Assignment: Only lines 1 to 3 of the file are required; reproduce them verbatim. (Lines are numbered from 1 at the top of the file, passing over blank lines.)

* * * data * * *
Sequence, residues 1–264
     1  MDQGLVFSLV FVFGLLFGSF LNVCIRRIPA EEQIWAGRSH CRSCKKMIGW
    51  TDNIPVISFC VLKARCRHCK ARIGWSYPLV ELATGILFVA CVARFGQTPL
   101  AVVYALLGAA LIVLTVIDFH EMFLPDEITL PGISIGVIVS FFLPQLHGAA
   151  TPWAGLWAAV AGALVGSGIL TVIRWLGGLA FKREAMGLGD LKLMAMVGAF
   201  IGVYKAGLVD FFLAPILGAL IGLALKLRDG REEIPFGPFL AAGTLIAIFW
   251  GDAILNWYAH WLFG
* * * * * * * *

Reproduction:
Sequence, residues 1–264
     1  MDQGLVFSLV FVFGLLFGSF LNVCIRRIPA EEQIWAGRSH CRSCKKMIGW
    51  TDNIPVISFC VLKARCRHCK ARIGWSYPLV ELATGILFVA CVARFGQTPL